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February 12, 2013

Making Strides for Street Dogs

More than 30,000 reached in 2012

Humane Society International

  • We're working to combat overpopulation. Alex Rothlisberger/HSI

  • Two on the street. Alex Rothlisberger/HSI

  • Street dogs can be found in all sorts of settings. Alex Rothlisberger/HSI

  • Watching the world go by. Alex Rothlisberger/HSI

  • Teaching humane handling. HSI

2012 was another great year for HSI’s street dog programs, as we continued to invest and grow. We are reaching more and more animals, directly and indirectly, each year through our field clinics, vet training programs and successful lobbying for policy change at the local and national levels.

Some highlights:

Partnerships – because together, we can achieve more!

  • In April, the Royal Government of Bhutan signed a second agreement with HSI to extend our street dog project in that country until 2015.
  • In July, we celebrated the launched of the first humane dog population management program in Weixian County in China. The project is a collaboration between HSI, Beijing’s Capital Animal Welfare Association, the Weixian government and the Weixian Animal Protection Association.
  • In September, HSI embarked on a new partnership with Vets Beyond Borders to increase our training capacity at the Jaipur Veterinary Training Centre in India.
  • In September, the Municipality of Viacha, Bolivia, agreed to stop poisoning companion animals and designated funds towards spay/neuter programs with guidance and support from HSI.
  • In October, Cebu City officials in the Philippines reported a 36 percent drop in dog bite incidents from January to June 2012 as compared with 2011! HSI has been a partner in Cebu City’s spay/neuter program since 2009.
  • In December, we joined forces with Animals Asia and Soi Dog in a new campaign for 2013 to tackle the cruel dog meat trade in Thailand and Vietnam.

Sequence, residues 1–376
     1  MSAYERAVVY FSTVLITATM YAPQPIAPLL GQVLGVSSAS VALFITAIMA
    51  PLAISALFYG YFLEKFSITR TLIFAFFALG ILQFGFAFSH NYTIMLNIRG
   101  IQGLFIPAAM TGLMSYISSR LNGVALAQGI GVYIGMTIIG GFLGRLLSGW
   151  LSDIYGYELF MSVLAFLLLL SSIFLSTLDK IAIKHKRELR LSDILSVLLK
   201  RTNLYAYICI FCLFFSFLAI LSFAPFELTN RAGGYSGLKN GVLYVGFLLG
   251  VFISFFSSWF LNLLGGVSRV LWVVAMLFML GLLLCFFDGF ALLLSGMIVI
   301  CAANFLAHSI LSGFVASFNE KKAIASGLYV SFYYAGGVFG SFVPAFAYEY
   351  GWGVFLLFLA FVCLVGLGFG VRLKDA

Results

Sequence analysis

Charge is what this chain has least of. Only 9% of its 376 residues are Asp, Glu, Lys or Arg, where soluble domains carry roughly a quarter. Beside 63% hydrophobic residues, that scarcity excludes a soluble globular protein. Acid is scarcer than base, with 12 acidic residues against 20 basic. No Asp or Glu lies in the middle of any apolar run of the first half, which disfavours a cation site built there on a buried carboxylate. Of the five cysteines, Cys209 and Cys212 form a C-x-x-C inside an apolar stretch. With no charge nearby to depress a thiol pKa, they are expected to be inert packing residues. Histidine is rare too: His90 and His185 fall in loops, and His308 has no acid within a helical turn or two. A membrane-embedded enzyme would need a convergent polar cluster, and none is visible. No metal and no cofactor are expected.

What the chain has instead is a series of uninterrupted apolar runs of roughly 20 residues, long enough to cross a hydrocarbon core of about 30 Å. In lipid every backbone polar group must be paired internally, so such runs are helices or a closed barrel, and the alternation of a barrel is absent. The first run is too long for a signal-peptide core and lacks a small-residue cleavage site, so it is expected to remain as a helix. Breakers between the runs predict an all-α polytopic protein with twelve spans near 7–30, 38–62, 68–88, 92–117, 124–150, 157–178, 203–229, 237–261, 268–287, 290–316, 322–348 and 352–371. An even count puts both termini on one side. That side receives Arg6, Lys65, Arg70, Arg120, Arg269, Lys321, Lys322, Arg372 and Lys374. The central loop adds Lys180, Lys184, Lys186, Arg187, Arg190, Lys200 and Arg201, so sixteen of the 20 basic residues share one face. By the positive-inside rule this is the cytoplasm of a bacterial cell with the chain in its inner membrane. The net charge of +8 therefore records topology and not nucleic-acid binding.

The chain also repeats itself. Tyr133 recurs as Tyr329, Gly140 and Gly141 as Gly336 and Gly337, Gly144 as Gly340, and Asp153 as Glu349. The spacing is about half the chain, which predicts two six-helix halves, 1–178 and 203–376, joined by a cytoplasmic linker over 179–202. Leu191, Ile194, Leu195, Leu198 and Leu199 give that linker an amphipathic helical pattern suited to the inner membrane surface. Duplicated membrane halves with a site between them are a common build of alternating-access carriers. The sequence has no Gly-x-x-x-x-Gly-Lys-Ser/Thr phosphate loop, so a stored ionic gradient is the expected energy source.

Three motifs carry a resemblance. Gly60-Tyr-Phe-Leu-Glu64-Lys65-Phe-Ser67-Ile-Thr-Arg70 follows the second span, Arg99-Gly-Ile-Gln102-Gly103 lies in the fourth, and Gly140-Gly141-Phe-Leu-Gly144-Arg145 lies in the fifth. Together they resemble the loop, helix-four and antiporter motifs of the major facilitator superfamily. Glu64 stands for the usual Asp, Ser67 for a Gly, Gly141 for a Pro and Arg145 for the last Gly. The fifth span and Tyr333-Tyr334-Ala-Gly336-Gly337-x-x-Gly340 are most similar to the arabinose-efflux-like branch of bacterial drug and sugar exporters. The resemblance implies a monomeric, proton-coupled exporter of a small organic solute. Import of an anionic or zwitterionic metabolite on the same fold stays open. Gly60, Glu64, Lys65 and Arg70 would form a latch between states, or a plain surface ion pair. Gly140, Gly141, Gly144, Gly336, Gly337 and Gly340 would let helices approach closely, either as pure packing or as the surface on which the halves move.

Training programs – investing in local, sustainable change

  • In Bhutan, HSI trained 31 vets to help prepare them for taking ownership of the project after 2015.
  • In India, HSI trained 47 vets, 30 para-vets and five animal handlers in the Catch-Neuter-Vaccinate-Return protocol at the Jaipur center.
  • In the Philippines, HSI trained 37 municipal vets in spay/neuter techniques, and more than 30 animal handlers in humane handling. Since this project began in February 2011, six municipalities have changed their dog control practices from inhumane culling to focusing on community spay/neuter programs.
  • In Latin America and the Caribbean, HSI trained 13 vets/para-vets in spay/neuter techniques and protocols, and 15 handlers in humane handling.

Spay/neuter – humane population management, preventing suffering

  • During 2012, more than 10,000 dogs were sterilized in Bhutan. Since our project began in February 2009, HSI has sterilized more than 42,000 dogs in Bhutan.
  • More than 5,000 dogs were sterilized in Cebu City in the Philippines; nearly 10,000 dogs were vaccinated for rabies.
  • Almost 6,000 dogs were sterilized in the cities of Ahmedabad and Jaipur in India.
  • In Latin America, HSI sterilized more than 3,000 dogs through outreach community field clinics, plus another 5,000 dogs in Costa Rica through a local NGO partner.
  • In Haiti, more than 1,000 dogs were sterilized.
  • In the Caribbean, not including Haiti, 475 dogs were sterilized through local field clinics.

That’s more than 30,000 dogs… and this doesn’t include the thousands of medical treatments for diseases and injuries that were carried out, nor the vaccinations, the adoptions and other projects run by local NGOs with HSI support… not to mention cats and other animals who were treated at HSI clinics (including elephants in India).

We are proud to report that a total of more than 46,500 animals received direct care from HSI in 2012! Add to that the animals who will be treated and helped by the 115 vets that we trained last year, and we can start to really see the scale of the impact of our work.

We are looking forward to even greater things in 2013 and are grateful for the caring and commitment of our Street Dog Defender supporters.

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